Corn, soybeans close higher
CHICAGO, Illinois (Agriculture.com)--The CME Group corn and soybean markets close strong Friday, setting up a higher start to next week's trading, analyst says.
The Dec corn futures closed 5 1/2 cents higher at $4.27 1/4. The Nov. soybean contract closed 15 1/2 cents higher at $10.44. The Dec. wheat futures settled 9 1/2 cents lower at $7.34 1/4. The Dec. soymeal futures contract ended $0.50 per short ton higher at $296.70. The Dec. soyoil contract settled $1.31 higher at $43.14.
In the outside markets, the NYMEX crude oil is $0.34 per barrel lower, the dollar is higher, and the Dow Jones Industrials are up 9 points.
Tim Hannagan, PFGBest.com senior analyst, says traders are trading weather on foreign growing ports, not yesterday's USDA report.
"After no surprises in the USDA report, traders turned right away to trading the weather concerns. The market is asking how is the weather in the Black Sea region, in India, China. India, the second-largest producer/exporter of wheat has now suspended all wheat exports. India is reporting poor rapeseed and rice crops. So, India could be in the market looking to buy high-protein soybeans."
In addition, Russia's drought problems still lead the world weather concerns.
Meanwhile, the soybean market is getting exciting, Hannagan says.
"The next shoe to drop, for this market, is the realization that eastern Europe and Russia's soybean and corn crops may be hurting. In the 1970's, it was shown Russia and the EU countries grow corn and beans for their own needs, only entering the world market when they have shortfalls. So, the thinking is Russia may be in the market for corn and soybeans, if they are going to maintain their livestock."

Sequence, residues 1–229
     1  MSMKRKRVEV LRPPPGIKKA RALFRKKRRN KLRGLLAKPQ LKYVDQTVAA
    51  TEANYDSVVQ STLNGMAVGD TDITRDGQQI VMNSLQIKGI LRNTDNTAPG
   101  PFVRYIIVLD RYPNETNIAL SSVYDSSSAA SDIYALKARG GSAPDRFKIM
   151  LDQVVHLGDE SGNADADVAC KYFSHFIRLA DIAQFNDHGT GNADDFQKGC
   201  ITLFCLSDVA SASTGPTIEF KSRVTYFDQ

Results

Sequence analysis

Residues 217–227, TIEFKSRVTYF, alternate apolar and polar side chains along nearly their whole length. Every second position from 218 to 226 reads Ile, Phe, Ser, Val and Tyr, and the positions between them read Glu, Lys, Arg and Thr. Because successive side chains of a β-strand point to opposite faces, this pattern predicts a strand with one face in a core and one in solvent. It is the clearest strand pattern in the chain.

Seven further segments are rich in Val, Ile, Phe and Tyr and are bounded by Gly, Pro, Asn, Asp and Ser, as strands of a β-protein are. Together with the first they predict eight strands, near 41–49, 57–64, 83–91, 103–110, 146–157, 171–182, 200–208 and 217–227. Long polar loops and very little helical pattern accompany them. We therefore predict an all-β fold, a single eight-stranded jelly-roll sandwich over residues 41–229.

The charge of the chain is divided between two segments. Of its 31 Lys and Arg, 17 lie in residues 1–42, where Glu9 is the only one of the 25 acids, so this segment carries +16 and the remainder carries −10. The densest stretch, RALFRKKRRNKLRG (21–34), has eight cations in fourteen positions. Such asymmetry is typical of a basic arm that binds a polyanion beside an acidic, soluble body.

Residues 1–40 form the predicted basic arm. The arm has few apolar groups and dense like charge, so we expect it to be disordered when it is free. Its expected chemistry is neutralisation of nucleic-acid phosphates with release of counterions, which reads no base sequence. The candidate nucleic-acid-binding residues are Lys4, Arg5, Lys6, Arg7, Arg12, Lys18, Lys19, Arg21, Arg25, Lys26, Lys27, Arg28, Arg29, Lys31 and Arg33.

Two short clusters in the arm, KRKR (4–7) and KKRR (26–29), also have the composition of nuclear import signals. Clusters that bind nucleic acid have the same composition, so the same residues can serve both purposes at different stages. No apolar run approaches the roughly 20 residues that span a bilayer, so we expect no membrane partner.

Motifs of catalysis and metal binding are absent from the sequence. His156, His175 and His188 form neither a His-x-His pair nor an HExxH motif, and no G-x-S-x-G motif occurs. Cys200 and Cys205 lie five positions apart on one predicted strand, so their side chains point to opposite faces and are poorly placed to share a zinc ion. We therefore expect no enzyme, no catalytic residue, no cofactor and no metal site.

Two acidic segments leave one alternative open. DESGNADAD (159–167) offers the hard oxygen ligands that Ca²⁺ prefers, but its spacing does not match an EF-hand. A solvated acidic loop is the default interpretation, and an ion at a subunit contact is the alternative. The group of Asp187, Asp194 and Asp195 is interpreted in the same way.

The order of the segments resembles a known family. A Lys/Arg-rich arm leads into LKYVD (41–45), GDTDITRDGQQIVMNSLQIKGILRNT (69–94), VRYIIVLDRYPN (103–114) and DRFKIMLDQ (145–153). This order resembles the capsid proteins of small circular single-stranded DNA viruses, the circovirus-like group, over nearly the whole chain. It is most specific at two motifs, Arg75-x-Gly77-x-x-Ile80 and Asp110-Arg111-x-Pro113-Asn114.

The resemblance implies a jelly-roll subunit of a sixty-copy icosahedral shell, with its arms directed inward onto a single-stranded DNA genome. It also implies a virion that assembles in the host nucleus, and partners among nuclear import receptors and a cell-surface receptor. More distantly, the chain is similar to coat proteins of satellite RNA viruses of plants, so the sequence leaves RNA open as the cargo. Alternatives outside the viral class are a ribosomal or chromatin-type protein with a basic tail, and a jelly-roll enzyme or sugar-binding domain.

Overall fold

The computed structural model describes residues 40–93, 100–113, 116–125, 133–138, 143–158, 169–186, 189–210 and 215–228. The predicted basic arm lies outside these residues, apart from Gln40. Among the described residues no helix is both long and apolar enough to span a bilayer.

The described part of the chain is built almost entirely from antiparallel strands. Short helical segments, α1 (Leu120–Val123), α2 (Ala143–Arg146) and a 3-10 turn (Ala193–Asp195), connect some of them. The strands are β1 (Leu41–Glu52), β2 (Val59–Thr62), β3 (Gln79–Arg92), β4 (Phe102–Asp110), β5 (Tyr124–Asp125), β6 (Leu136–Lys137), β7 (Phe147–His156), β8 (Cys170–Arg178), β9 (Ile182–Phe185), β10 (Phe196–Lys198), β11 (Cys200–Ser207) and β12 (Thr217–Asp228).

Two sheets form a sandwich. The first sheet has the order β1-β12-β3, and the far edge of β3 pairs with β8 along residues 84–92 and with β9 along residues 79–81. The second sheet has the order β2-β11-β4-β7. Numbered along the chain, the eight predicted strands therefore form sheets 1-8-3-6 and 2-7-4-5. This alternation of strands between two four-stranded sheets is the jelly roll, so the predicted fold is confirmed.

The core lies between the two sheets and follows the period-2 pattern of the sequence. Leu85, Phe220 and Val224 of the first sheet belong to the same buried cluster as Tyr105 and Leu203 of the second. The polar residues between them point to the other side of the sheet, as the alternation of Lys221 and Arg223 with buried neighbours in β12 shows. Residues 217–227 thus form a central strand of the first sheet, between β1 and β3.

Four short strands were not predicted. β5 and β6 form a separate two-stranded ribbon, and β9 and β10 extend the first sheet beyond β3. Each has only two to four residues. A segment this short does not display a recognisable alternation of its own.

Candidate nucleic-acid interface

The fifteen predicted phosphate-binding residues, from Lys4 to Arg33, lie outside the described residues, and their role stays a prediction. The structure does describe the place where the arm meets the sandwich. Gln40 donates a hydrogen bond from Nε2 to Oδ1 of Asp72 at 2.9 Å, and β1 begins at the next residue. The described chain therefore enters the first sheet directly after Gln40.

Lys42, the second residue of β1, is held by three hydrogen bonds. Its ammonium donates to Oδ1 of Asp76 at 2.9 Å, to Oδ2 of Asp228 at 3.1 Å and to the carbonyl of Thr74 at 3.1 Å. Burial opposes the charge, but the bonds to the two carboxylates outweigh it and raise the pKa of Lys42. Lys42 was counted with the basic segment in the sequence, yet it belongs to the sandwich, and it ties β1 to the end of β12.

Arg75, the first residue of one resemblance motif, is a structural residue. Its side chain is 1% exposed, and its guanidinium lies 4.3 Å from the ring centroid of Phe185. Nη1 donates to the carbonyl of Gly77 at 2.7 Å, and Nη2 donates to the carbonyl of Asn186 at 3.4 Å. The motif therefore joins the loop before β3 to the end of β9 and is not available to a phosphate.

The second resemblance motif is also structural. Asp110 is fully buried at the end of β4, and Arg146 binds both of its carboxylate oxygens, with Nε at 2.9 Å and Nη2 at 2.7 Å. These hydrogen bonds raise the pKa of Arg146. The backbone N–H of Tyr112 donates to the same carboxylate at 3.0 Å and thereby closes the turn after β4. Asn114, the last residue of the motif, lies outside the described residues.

To thicken this demand plot even further, China's recent gigantic purchases of U.S. soybeans may be indicating that country believes that EU countries could be in the market for U.S. soybeans soon. As a result, China, that normally slows U.S. soybean purchases in August, waiting for a fresh fall U.S. crop, is trying to capture supply before irregular buyers step-in, Hannagan says.
Heading into the weekend, a Dec. corn contract close on Friday of $4.26 signals a strong technical finish, Hannagan says. "This would spark a higher open for Monday, before profit-taking Tuesday, Hannagan says. For Nov. soybeans, a close, today, over $10.36 tells technicians to buy, buy, buy, and Monday's trade could be higher," he says.